- This may be obvious, but if you get a publishing deal, you’re immediately on a schedule. There’s no looking back. If you want to write the book on your own time, write it first and then look for a publishing deal.
- There’s probably just enough time to write the average book in a year and a half of evenings and weekends.
- If I had to divide up the process, I’d say it’s 40% thinking and research, 30% writing a first draft, and 30% rewriting and proofreading.
- Don’t be precious. As a professional writer, the more I’m paid to write something, the less likely I am to receive credit for it. So I’ve learned to be fairly fire-and-forget about my writing. It’s probably not worth the emotional effort to argue with your editor or publisher about small stuff. Win the big battles, and let go of the rest.
- Once you submit a first draft, a ton of people touch your book. Our book had an editor, technical reviewer, copy editor, proofreader, production manager, graphic designer, cover designer and indexer (a soul-destroying job–I speak from experience). That excludes the marketing people and the publisher himself.
- You’ll never have enough time to make the writing as good as it could be.
- I forget where I heard this, but there’s so much truth in this quote: “Publishing isn’t an industry, it’s an organized hobby.”
- Amazon punishes publishers for missing publication dates. So publishers tend to initially set a publication date which is strikingly far into the future. Don’t let this panic you.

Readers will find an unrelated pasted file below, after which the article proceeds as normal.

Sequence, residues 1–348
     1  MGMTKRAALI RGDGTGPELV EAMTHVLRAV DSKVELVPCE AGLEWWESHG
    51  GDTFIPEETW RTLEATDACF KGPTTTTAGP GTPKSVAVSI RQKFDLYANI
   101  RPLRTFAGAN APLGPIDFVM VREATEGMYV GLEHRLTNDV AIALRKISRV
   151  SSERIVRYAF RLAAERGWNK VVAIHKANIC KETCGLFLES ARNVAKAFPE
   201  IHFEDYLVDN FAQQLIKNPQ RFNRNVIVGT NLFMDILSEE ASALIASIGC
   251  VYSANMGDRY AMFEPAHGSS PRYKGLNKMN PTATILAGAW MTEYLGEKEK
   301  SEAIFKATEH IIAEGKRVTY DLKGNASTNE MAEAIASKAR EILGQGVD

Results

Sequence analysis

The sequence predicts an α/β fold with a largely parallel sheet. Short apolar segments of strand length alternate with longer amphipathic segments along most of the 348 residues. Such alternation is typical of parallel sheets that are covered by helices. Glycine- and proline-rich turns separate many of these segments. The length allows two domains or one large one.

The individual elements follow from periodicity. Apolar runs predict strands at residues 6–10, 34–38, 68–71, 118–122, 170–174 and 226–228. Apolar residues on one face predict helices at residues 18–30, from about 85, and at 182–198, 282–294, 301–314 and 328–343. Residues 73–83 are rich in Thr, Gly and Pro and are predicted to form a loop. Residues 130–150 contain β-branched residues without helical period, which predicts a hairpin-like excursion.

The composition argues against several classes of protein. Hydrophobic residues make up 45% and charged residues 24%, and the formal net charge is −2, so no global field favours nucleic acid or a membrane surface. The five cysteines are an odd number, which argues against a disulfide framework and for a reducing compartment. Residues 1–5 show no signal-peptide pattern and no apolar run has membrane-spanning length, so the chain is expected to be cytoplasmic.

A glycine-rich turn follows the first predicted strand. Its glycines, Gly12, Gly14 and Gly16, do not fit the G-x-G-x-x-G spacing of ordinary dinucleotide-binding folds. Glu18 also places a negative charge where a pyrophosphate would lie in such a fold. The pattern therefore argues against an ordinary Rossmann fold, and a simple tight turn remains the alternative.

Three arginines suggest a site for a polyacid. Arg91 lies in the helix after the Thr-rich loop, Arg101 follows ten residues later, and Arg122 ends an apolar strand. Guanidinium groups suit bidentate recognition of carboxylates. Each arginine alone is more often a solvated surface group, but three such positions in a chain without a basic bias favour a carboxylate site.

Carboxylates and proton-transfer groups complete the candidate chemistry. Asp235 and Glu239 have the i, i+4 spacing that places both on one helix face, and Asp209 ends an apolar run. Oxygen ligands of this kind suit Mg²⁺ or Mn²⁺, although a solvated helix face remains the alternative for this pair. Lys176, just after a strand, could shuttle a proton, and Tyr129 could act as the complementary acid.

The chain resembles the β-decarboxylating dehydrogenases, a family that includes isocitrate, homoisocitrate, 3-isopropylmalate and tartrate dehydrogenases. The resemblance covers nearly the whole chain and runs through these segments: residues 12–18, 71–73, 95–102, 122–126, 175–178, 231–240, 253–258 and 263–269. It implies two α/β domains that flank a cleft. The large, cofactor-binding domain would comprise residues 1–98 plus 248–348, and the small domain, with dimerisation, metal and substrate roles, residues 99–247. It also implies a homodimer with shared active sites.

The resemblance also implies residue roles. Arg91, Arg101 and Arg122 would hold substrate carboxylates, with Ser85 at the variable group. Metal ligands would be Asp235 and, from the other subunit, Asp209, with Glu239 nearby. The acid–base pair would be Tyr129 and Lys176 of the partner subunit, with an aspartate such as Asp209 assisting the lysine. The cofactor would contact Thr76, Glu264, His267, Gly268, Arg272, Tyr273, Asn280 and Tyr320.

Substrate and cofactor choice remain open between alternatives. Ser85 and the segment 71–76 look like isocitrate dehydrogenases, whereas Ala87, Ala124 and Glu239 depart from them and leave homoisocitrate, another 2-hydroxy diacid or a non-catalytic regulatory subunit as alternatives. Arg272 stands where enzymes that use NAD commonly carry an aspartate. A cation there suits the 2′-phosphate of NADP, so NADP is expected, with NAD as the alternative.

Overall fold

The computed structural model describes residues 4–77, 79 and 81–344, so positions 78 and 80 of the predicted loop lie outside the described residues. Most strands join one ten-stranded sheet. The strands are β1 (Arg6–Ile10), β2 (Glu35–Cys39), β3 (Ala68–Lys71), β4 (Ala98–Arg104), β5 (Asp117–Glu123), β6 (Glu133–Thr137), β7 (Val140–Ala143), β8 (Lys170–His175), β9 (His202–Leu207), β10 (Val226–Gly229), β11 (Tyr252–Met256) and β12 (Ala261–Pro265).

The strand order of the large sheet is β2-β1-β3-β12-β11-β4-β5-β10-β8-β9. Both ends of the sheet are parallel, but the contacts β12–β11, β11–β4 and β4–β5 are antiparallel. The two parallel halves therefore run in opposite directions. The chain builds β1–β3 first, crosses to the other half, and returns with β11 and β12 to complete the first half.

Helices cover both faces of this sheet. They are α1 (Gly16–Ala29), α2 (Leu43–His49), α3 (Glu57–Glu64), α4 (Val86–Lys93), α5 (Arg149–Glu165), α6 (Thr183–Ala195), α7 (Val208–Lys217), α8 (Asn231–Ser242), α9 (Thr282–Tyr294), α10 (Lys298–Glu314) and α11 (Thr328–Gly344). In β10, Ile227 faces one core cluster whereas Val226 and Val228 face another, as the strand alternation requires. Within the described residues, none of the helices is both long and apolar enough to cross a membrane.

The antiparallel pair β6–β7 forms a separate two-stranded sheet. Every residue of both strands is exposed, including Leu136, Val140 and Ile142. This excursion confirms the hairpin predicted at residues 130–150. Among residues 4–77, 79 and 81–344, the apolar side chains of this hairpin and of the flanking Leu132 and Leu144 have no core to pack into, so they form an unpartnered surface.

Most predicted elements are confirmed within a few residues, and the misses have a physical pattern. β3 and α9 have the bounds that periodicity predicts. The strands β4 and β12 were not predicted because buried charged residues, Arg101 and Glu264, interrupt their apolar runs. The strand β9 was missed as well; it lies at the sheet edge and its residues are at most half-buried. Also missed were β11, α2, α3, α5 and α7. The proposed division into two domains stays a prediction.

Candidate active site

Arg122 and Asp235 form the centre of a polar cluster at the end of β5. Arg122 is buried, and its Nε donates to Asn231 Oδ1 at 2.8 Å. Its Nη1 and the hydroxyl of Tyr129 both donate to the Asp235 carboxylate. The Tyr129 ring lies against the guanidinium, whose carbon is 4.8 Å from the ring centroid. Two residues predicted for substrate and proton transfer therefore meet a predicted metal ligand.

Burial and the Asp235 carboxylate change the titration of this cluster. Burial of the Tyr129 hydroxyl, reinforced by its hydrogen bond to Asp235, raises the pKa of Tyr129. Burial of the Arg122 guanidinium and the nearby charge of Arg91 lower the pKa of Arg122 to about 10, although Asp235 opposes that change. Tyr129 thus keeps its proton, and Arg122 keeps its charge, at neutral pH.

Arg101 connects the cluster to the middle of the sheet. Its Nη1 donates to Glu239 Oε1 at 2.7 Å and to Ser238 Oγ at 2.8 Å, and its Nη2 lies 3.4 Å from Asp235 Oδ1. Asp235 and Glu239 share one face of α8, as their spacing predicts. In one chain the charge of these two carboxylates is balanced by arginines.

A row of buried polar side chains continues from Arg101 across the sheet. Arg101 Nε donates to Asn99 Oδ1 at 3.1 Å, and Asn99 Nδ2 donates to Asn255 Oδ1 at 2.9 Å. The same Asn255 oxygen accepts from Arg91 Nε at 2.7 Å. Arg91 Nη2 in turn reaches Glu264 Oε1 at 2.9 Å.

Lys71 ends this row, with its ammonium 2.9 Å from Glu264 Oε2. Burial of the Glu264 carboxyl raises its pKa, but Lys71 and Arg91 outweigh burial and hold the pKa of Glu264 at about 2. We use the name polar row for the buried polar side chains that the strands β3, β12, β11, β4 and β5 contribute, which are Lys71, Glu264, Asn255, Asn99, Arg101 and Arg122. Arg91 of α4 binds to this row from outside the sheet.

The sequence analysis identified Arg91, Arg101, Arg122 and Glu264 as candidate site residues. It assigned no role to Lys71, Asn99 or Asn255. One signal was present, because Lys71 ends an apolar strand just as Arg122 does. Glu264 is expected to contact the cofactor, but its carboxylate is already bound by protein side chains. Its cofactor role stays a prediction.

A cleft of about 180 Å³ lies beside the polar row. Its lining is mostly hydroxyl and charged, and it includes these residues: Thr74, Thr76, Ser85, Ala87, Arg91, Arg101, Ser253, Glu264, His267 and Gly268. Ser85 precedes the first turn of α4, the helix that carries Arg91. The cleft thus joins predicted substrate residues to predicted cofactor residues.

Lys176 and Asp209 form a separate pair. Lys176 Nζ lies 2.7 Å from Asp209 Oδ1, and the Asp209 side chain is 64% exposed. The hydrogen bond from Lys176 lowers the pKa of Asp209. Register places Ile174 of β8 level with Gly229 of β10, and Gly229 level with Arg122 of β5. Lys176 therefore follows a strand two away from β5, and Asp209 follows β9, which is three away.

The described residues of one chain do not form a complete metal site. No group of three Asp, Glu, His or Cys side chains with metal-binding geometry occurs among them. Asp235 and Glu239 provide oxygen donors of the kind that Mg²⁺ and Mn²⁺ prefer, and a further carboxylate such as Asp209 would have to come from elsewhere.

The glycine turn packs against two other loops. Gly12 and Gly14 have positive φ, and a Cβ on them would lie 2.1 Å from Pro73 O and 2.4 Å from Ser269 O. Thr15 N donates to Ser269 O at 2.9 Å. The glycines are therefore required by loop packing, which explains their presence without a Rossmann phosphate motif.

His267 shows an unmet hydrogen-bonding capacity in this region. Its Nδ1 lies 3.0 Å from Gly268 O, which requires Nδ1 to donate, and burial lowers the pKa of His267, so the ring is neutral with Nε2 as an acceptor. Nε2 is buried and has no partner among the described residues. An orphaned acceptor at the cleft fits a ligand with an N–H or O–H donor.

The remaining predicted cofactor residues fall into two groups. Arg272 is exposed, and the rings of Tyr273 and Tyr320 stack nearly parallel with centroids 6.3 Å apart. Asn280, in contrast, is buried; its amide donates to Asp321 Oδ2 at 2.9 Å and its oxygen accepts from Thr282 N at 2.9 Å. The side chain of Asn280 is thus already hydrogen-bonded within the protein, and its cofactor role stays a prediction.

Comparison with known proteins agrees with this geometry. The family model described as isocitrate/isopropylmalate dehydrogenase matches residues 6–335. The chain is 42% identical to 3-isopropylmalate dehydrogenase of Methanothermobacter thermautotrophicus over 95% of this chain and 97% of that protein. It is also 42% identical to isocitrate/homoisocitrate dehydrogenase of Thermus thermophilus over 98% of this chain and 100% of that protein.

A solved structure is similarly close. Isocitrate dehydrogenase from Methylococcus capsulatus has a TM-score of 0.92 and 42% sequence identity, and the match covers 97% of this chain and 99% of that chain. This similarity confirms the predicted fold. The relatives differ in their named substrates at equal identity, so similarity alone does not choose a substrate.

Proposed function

- This was something I already knew, but it’s worth mentioning: don’t write a book to make money. For the vast majority of authors, it’s not a moneymaking proposition. Write a book to spread your ideas, to earn ‘because-of’ income through speaking, consulting and so forth, or to get the perceived endorsement as a capital-a author.
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July 23rd, 2008, 3 Comments »
As you’ve probably heard, Google Knol launched publicly today. It’s considered a more or less direct competitor to Wikipedia, as it permits anybody to author an article on pretty much anything. It doesn’t have the same degree of ‘wiki’ collaboration as Wikipedia, though–it’s more about individual experts. From the Google blog:
The key principle behind Knol is authorship. Every knol will have an author (or group of authors) who put their name behind their content. It’s their knol, their voice, their opinion. We expect that there will be multiple knols on the same subject, and we think that is good.
With Knol, we are introducing a new method for authors to work together that we call “moderated collaboration.” With this feature, any reader can make suggested edits to a knol which the author may then choose to accept, reject, or modify before these contributions become visible to the public. This allows authors to accept suggestions from everyone in the world while remaining in control of their content. After all, their name is associated with it!
What’s the marketing angle? In the coming days, I anticipate a great land grab as people author ‘knols’ on topics that matter to them. They’re going to permit multiple knols, but I anticipate something of a first-mover advantage. If Google Knol takes off (and odds are that it will), then it’s probably a good idea to write a knol on a topic in which you’re an expert. Knols may not be direct traffic drivers, but they may help cement your expertise in the space.
Julie and I put together a knol on social media marketing. It needs work, but I think it’s a satisfactory start. If you have the time, please consider rating, reviewing, editing or commenting on it.
And now I must try to resurrect my blog on Google Knol.
3 Comments »